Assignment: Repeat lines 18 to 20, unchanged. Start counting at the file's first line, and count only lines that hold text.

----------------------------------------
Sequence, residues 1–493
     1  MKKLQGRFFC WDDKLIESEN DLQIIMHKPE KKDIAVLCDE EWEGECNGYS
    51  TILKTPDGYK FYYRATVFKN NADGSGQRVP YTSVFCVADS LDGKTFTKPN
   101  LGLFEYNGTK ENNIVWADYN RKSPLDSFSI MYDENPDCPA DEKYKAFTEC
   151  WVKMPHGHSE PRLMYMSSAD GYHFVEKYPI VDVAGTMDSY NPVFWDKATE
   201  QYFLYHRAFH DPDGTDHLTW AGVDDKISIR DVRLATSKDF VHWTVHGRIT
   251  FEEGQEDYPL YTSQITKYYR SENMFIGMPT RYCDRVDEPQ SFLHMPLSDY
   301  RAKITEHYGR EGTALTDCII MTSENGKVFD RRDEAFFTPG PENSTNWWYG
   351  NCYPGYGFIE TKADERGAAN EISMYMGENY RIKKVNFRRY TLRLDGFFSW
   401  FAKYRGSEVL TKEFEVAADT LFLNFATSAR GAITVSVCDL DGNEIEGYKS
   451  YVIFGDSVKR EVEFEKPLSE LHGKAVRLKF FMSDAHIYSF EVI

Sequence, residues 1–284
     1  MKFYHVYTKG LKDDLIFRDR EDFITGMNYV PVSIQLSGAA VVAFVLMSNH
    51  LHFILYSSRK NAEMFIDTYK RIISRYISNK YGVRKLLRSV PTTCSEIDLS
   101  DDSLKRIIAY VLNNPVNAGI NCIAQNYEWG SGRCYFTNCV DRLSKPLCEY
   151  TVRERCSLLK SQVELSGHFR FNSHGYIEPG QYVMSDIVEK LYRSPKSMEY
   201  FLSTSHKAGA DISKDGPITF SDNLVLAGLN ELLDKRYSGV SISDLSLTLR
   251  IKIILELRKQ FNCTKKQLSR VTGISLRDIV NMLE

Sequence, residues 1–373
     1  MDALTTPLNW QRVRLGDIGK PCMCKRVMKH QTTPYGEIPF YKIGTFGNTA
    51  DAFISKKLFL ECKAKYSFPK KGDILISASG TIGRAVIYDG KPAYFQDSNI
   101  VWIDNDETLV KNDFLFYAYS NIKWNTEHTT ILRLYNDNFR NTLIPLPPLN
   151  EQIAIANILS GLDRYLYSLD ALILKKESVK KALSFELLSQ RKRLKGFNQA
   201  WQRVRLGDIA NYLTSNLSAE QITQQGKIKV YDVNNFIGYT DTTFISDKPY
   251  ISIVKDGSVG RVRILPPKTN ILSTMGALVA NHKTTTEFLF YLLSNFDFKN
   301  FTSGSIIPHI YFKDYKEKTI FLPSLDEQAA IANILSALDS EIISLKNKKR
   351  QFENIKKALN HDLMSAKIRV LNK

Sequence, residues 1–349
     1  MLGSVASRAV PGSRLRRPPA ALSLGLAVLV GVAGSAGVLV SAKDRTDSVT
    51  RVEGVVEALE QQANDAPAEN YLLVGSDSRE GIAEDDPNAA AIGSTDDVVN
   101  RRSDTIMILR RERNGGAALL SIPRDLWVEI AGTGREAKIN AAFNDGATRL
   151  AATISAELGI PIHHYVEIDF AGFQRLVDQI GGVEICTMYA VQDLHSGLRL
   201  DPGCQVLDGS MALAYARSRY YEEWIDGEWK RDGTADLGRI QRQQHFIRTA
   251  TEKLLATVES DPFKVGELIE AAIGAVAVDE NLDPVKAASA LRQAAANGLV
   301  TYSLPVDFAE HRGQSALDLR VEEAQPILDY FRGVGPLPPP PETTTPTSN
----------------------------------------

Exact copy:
   251  IKIILELRKQ FNCTKKQLSR VTGISLRDIV NMLE

Sequence, residues 1–373
     1  MDALTTPLNW QRVRLGDIGK PCMCKRVMKH QTTPYGEIPF YKIGTFGNTA